One of the things I really enjoyed doing with him was playing text adventures. It's strange, because I think we only did three (the Zork trilogy) and I was not very good at them. I got in trouble for sneaking out the Invisi-Clues hint book at one point and looking up answers for problems we hadn't seen yet. What was I thinking?

Still, it's stuck with me, and I'm glad, because I still enjoy replaying those games, trying to write my own, and reading about the craft. Most of my (lousy, unfinished) attempts to make good text adventures have been about making the game using existing tools. (Generally, Inform 6. Inform 7 looks amazing, but also like it's not for me.) Sometimes, though, I've felt like dabbling in the technical side of things, and that usually means playing around with the Z-Machine.

Most recently, I was thinking about writing an assembler to build Z-Machine code, and my thinking was that I'd write it in Perl 6. It didn't go too badly, at first. I wrote a Perl 6 program that built a very simple Z-Machine executable, I learned more Perl 6, and I even got my first commit into the Rakudo project. The very simple program was basically "Hello, World!" but it was just a bit more complicated than it might sound, because the Z-Machine has its own text encoding format called ZSCII, the Zork Standard Code for Information Exchange, and dealing with ZSCII took up about a third of my program. Almost all the rest was boilerplate to output required fields of the output binary, so really the ZSCII code was most of the significant code in this program. I wanted to write about ZSCII, how it works, and my experience writing (in Perl 5) ZMachine::ZSCII.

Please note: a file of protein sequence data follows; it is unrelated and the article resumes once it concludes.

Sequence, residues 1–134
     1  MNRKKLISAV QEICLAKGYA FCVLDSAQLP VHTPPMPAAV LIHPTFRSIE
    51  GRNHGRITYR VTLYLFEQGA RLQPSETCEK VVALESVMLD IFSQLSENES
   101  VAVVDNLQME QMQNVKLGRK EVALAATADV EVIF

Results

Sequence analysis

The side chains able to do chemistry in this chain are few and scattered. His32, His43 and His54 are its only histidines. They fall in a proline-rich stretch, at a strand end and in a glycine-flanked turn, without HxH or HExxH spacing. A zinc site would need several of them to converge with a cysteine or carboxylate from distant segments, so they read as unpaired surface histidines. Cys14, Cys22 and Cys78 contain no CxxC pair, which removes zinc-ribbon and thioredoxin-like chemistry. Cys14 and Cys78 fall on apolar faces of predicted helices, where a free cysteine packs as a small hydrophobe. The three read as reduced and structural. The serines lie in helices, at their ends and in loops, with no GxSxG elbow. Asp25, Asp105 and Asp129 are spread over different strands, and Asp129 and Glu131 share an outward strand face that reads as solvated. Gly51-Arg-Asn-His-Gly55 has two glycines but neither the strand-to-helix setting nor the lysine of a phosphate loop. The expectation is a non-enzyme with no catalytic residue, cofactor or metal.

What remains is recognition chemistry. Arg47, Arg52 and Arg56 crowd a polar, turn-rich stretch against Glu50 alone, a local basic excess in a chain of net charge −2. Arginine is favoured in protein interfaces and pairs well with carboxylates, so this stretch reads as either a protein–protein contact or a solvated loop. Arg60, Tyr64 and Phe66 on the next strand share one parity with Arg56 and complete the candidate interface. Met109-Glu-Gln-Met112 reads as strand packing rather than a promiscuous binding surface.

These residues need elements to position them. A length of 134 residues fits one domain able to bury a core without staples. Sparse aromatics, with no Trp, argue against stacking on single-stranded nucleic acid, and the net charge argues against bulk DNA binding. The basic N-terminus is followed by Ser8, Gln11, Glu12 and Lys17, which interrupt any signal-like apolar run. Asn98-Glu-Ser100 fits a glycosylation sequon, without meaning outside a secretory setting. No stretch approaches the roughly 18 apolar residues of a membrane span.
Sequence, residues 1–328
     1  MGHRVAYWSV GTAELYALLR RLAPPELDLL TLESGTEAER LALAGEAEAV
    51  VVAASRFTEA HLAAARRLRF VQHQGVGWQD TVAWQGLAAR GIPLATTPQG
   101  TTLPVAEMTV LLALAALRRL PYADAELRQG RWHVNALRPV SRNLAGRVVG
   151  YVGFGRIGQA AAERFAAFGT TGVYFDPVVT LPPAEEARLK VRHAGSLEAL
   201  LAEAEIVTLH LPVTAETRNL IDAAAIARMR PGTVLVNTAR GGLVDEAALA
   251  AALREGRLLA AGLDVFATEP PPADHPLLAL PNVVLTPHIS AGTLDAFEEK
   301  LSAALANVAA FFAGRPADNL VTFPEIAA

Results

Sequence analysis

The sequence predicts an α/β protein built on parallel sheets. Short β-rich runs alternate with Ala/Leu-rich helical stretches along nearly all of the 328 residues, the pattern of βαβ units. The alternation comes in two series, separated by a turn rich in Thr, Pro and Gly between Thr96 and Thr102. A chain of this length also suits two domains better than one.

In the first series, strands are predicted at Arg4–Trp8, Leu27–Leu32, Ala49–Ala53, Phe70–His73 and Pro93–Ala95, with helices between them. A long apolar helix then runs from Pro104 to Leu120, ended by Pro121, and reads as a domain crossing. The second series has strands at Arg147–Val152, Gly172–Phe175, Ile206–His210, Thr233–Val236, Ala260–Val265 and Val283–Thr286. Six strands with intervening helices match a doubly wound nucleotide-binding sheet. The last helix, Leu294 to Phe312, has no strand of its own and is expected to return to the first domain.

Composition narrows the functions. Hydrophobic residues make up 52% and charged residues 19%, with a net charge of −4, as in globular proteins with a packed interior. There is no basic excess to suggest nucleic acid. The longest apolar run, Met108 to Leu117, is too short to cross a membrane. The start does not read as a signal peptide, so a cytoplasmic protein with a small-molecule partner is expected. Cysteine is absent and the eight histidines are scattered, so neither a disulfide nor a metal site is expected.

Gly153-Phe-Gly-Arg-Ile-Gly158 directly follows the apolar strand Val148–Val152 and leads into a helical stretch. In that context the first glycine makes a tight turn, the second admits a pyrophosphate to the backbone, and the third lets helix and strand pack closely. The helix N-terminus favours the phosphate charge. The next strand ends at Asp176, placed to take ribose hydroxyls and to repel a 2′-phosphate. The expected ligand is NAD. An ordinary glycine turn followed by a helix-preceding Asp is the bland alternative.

First, a quick refresher on some terminology, at least as I'll be using it:

  • a character set maps abstract characters to numbers (called code points) and back
  • an encoding maps from those numbers to octets and back, making it possible to store them in memory

We often hear people talking about how Latin-1 is both of these things, but in Unicode they are distinct. That is: there are fewer than 256 characters in Latin-1, so we can always store an character's code point in a single octet. In Unicode, there are vastly more than 256 characters, so we must use a non-identity encoding scheme. UTF-8 is very common, and uses variable-length sequences of bytes. UTF-16 is also common, and uses different variable-length byte sequences. There are plenty of other encodings for Unicode characters, too.